Oklahoma Charter School Board approves application for nation’s first publicly funded religious school
In a split decision, Oklahoma City’s Catholic Archdiocese overcame a major hurdle Monday in its effort to create the nation’s first publicly funded, religious charter school. But critics say the move is unconstitutional and likely to face legal challenges.
The application from the St. Isidore of Seville Virtual Catholic Charter School to Oklahoma’s Statewide Virtual Charter School Board has been sitting on the table since early April.
At its April meeting, the board voted unanimously to disapprove the application. It cited eight concerns the school had to address before the board would reconsider its vote: appropriate accommodations for special education, the school’s pedagogical approach, its governance and management, connectivity and technology for virtual learning, its funding structure, measuring school and student outcomes, likely lawsuits that would arise and issues with its application’s consistency.
St. Isidore would be free for students in kindergarten-12th grade and funded like any other public charter school in Oklahoma. It aims to open for the 2024-2025 school year and serve around 400-500 students. Proponents say it would give rural Catholic families who live far from brick-and-mortar schools the ability to access Catholic education.
But critics point to the potential for discriminatory policies as public school admission expectations collide with religious doctrine. While the school says it wouldn’t require students to be Catholic, it acknowledges that students will be immersed in Catholic religious tenets. Concerns also surround possible disciplinary treatment of LGBTQ+ students and unmarried pregnant students, as well as potentially discriminatory employment practices for staff.
Erika Wright is the founder of the Oklahoma Rural Schools Coalition and spoke during the public comment period at the meeting. She says her organization has grown by nearly 2,000 in response to the St. Isidore issue, bumping up the group to nearly 12,000 members.
“The implications of today’s decision are quite serious, particularly for our rural schools and communities. As rural Oklahomans, we want more support for our existing public schools,” Wright said. “Oklahomans are not clamoring for this. This is the proverbial camel’s nose under the tent. And everyone in this room knows full well that this will not stop with a virtual charter school.”
Children with disabilities may also face potential problems, say critics. While St. Isidore’s application assures it will comply with state and federal laws related to educating students with disabilities, it would only be to the extent it “does not compromise the religious tenets of the school and the instructional model of the school.”
The board has also experienced a recent shake-up. Member Barry Beauchamp, who was allowed to continue serving on the board after his term expired, was replaced with Brian Bobek, who was appointed by Oklahoma House Speaker Charles McCall.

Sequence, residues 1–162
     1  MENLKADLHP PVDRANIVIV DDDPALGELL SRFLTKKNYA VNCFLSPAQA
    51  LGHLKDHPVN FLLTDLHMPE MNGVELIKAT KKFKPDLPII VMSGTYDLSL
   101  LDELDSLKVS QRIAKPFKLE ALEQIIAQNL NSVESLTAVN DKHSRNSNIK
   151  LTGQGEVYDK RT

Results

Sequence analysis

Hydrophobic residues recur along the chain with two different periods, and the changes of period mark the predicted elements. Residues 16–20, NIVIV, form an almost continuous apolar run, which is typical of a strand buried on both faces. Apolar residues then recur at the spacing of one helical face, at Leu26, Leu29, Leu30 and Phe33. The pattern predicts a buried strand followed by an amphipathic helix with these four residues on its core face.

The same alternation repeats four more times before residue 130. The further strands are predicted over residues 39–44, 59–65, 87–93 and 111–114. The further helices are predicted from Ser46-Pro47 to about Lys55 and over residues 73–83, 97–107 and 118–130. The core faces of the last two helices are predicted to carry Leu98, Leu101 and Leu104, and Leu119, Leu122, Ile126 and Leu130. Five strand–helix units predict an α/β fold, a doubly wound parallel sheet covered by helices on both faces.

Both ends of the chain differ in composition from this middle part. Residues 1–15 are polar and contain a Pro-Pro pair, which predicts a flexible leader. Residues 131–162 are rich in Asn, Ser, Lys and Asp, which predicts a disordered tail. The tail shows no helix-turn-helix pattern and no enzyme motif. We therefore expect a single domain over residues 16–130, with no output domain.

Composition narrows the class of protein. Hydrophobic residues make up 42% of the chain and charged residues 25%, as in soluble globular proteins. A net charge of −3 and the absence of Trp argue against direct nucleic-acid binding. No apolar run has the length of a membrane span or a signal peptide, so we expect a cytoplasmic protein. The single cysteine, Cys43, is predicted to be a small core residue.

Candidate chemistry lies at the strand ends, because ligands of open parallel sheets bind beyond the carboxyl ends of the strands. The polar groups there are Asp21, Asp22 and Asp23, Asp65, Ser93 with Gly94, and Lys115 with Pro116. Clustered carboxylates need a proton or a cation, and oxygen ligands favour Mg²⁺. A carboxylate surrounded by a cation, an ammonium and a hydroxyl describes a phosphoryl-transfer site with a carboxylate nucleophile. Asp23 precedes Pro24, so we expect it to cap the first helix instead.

Bobek is based in Oklahoma City and has previously served on the State Board of Education and the State Board of Career and Technology Education, by appointments from Gov. Kevin Stitt. The chairman of the Statewide Virtual Charter School board told the Tulsa World the board was notified Friday of the change.
At the meeting, Franklin called for Bobek to abstain from the vote “in an effort to maintain the transparency of today’s weighty board vote, and in an effort to avoid the perception and appearance of political manipulation related specifically to this vote.”
“I realize this is a bold request, Brian. Yet there is so much work ahead of this board in the coming months whereby Mr. Bobek’s voice and seasoned insight will be a tremendous asset,” Franklin said. “Conversely, the credibility and the court-tested validity of today’s vote is not worth the risk of a technicality or a misinformed perception of all these interested stakeholders.”
Regardless, Bobek ultimately decided to vote in favor of the application.
Oklahoma Attorney General Gentner Drummond has come out against the proposal, withdrawing a previous opinion from his predecessor, John O’Connor, that was written in support of the move. O’Connor opined that recent U.S. Supreme Court rulings allow the state to go forward with sponsorship.
“[O’Connor’s previous opinion] misuses the concept of religious liberty by employing it as a means to justify state-funded religion,” Drummond’s decision reads. “If allowed to remain in force, I fear the opinion will be used as a basis for taxpayer-funded religious schools, which is precisely what [St. Isidore] seeks to become.”
Drummond issued a press release after the decision, saying the vote violates state law.
“It’s extremely disappointing that board members violated their oath in order to fund religious schools with our tax dollars,” Drummond wrote. “In doing so, these members have exposed themselves and the State to potential legal action that could be costly.”
Oklahoma law forbids the teaching of sectarian or religious doctrine at public charter schools: “A charter school shall be nonsectarian in its programs, admission policies, employment practices, and all other operations. A sponsor may not authorize a charter school or program that is affiliated with a nonpublic sectarian school or religious institution.”